What Is M.R.I.?
M.R.I. means Magnetic resonance imaging which is a type of scan that uses strong magnetic fields and radio waves to produce detailed images of the inside of the body.
An MRI scanner is a large tube that contains powerful magnets. The patient would need to lie down inside the tube during the scan, and this scan can be used to examine almost any part of the body, including:
- Brain and spinal cord
- Bones and joints
- Heart and blood vessels
- internal organs, such as the liver, womb or prostate gland
The results of an MRI scan can be used to help diagnose conditions, plan treatments and assess how effective previous treatment has been.
MRI scanning is a non-invasive and painless procedure.
How Does It Work?
MRI scans can produce a detailed image. It uses a large magnet, radio waves, and a computer to create a detailed, cross-sectional image of internal organs and structures.
The scanner itself typically resembles a large tube with a table in the middle, allowing the patient to slide in.
An MRI scan differs from CT scans and X-rays, as it does not use potentially harmful ionizing radiation.
How long does it take?
Procedures lasts up to 15 to 90 minutes depending on the size of the area being scanned and the number of images being taken.
During an MRI scan
Once in the scanner, the MRI technician will communicate with the patient via the intercom to make sure that they are comfortable. They will not start the scan until the patient is ready.
During the scan, it is vital to stay still. Any movement will disrupt the images, much like a camera trying to take a picture of a moving object. Loud clanging noises will come from the scanner. This is perfectly normal.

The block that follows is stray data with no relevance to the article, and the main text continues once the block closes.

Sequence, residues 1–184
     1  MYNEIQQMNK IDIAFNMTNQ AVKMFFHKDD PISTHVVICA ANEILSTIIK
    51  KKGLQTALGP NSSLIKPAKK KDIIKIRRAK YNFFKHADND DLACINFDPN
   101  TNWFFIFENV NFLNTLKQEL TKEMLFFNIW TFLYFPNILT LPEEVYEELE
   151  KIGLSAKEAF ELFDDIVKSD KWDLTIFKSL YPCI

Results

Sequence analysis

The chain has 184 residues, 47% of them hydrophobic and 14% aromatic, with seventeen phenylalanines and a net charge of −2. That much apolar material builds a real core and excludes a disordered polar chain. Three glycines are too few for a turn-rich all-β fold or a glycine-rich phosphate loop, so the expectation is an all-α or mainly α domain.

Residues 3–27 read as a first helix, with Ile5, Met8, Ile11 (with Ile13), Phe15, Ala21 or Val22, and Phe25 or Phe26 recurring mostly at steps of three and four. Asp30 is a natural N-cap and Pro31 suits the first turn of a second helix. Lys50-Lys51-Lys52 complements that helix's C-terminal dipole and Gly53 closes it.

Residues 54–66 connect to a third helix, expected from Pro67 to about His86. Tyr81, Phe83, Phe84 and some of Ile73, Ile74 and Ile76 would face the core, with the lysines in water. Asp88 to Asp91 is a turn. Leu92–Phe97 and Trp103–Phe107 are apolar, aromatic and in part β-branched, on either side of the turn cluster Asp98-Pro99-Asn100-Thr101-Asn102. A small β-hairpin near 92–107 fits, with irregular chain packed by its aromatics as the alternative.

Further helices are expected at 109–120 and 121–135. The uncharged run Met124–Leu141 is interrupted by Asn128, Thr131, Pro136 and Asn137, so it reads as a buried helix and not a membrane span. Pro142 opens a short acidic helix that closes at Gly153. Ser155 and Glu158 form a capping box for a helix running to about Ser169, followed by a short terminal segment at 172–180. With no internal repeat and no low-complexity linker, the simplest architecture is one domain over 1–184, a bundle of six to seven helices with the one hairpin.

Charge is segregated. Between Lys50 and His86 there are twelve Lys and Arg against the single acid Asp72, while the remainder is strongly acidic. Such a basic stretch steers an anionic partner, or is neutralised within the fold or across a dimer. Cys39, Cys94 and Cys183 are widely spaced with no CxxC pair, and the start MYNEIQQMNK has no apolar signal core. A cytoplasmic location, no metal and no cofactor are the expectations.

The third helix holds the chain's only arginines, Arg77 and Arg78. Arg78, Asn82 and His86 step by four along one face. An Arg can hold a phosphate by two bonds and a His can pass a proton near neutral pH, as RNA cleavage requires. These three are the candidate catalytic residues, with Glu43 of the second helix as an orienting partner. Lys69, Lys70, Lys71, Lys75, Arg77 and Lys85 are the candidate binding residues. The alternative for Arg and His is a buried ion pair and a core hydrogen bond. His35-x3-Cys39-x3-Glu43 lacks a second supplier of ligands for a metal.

Depending on the images, at times it may be necessary for the person to hold their breath. But all the instructions will be given by the technicians and the staff.
If the patient feels uncomfortable during the procedure, they can speak to the MRI technician via the intercom and request that the scan be stopped.
Before the exam:
The patients may be asked to change into a gown. As magnets are used, it is critical that no metal objects are present in the scanner. The staff will ask the patient to remove any metal jewellery or accessories that might interfere with the machine.
A person will probably be unable to have an MRI if they have any metal parts inside their body, such as bullets, shrapnel, or other metallic foreign bodies. This can also include medical devices, such as cochlear implants, aneurysm clips, and pacemakers. But before the scan the patients can get instructions from the technicians and see depending on the area of the scan whether they are able to do the scan or not.
Individuals who are anxious or nervous about enclosed spaces should tell their doctor. Often they can be given medication prior to the MRI to help make the procedure more comfortable.
Patients will sometimes receive an injection of intravenous (IV) contrast liquid to improve the visibility of a particular tissue that is relevant to the scan.
The radiologist, a doctor who specializes in medical images, will then talk the individual through the MRI scanning process and answer any questions they may have about the procedure.
Once the patient has entered the scanning room, the technician will help them onto the scanner table to lie down. Staff will ensure that they are as comfortable as possible by providing blankets or cushions.